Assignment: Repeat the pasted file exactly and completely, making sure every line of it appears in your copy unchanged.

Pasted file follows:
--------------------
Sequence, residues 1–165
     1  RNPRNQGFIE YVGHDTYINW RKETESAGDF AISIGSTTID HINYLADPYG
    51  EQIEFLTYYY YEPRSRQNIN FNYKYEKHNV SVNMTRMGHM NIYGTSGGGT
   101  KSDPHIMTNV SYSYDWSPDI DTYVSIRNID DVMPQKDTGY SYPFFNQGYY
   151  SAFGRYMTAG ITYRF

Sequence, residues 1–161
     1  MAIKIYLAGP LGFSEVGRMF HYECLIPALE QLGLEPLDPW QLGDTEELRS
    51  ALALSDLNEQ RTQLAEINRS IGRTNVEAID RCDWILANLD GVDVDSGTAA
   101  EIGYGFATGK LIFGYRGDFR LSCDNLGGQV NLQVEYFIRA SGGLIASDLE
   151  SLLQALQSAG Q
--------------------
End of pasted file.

Sequence, residues 1–165
     1  RNPRNQGFIE YVGHDTYINW RKETESAGDF AISIGSTTID HINYLADPYG
    51  EQIEFLTYYY YEPRSRQNIN FNYKYEKHNV SVNMTRMGHM NIYGTSGGGT
   101  KSDPHIMTNV SYSYDWSPDI DTYVSIRNID DVMPQKDTGY SYPFFNQGYY
   151  SAFGRYMTAG ITYRF

Sequence, residues 1–161
     1  MAIKIYLAGP LGFSEVGRMF HYECLIPALE QLGLEPLDPW QLGDTEELRS
    51  ALALSDLNEQ RTQLAEINRS IGRTNVEAID RCDWILANLD GVDVDSGTAA
   101  EIGYGFATGK LIFGYRGDFR LSCDNLGGQV NLQVEYFIRA SGGLIASDLE
   151  SLLQALQSAG Q